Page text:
Why COVID-19 is an EdTech opportunity for Latin America

Keyword: 
Education
Topic: 
Education - Health

 This article was previously published in the World Economic Forum Blog, on September 15, 2020.


  • In Latin America and the Caribbean, more than 154 million children or about 95% of the enrolled students are temporarily out of school owing to COVID-19;
  • There is a significant digital divide in the region which threatens the accessibility of remote learning and other education technologies to all;
  • Governments and start-ups are stepping up to meet the challenge, deliver learning programmes and overcome the region's connectivity issues.

Latin America is one of the most unequal regions in the world. Three-quarters of Latin Americans are categorized as low or lower-middle-income with 30% living below the poverty line. Though many countries in the region have made significant strides towards lowering income inequality in the past few years, the richest decile of Latin Americans still owns 71% of the region’s wealth. Combine the region’s income inequality with the COVID-19 crisis, and low-income families are now facing unprecedented challenges.

Access to quality education is a necessary tool to address inequalities, but the current situation with school closures in Latin America is creating new challenges to the implementation of education technology (EdTech) that is accessible to all.

The snowball effect of school closures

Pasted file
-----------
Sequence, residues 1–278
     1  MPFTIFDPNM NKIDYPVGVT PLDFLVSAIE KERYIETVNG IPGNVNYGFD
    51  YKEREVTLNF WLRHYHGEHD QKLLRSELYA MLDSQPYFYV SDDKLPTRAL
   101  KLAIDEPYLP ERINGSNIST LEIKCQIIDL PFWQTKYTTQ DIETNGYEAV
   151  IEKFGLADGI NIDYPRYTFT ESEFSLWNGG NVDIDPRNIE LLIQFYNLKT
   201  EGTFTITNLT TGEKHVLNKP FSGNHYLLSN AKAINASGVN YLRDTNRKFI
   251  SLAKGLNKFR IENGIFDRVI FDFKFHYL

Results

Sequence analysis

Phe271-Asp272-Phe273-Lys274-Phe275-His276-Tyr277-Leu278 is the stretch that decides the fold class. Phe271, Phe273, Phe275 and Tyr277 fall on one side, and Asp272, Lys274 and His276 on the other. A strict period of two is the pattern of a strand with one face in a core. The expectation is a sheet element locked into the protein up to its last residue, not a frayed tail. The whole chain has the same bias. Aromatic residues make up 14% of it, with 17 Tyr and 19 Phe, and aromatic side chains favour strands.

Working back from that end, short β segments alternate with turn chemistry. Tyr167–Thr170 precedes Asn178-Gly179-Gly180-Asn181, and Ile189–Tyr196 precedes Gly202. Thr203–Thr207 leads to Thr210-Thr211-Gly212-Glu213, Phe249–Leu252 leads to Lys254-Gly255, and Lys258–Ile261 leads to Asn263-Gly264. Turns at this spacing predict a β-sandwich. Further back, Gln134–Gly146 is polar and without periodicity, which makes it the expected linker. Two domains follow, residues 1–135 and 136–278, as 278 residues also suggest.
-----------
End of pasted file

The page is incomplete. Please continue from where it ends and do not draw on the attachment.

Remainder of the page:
In Latin America and the Caribbean, more than 154 million children or about 95% of the enrolled students are temporarily out of school owing to COVID-19. School closures can have a significant impact on children’s education, as well as their health, well-being and safety, and the situation is likely to worsen as isolation measures heighten risks in the home.

Nine out of 10 children in Latin America and the Caribbean between three and four years old are exposed to at least one of the following major risk factors: emotional abuse, domestic violence, failure to receive early education, lack of support and inadequate care. With a large number of parents working in the informal economy and many without a safety net of savings, finding quality, affordable childcare presents another major challenge. What is more, some 80 million children in Latin America are currently missing out on school meals, which is another issue for families who are struggling to put food on the table.

School closures during the COVID-19 pandemic

 

School closures during the COVID-19 pandemic

Image: Our World in Data

Exposing the digital divide in education

 

School closures expose the region’s significant digital divide or the gap between those who have internet access and those with limited or no access. While students in more developed countries – and primarily in big cities – have moved to online instruction, the reality is that digital education is not an option for everyone.

According to a report by ORBA de la CEPAL, 67% of Latin America’s population uses the internet, but there are drastic differences between countries. In countries that are considered “well-connected”, internet penetration in rural areas still only reaches 40-50% of the population; in poorly-connected countries, that number drops to an average of 10%.

In many Latin American countries, the percentage of children under 15 years old who are considered internet users is under 50%. In small towns like Arbelaez, Colombia, teachers now send homework to students by Whatsapp, even though only 30% of them have access to the application. The rest have to rely on their parents to collect physical copies of the instructions.

Internet users by world region

Internet users by world region

Image: Our World in Data

 

While some governments have been quick to take action and help ensure students have a way to receive educational materials, there are still significant gaps. Innovative approaches are needed to overcome the challenges of connectivity and guarantee access to education for the region’s most vulnerable populations.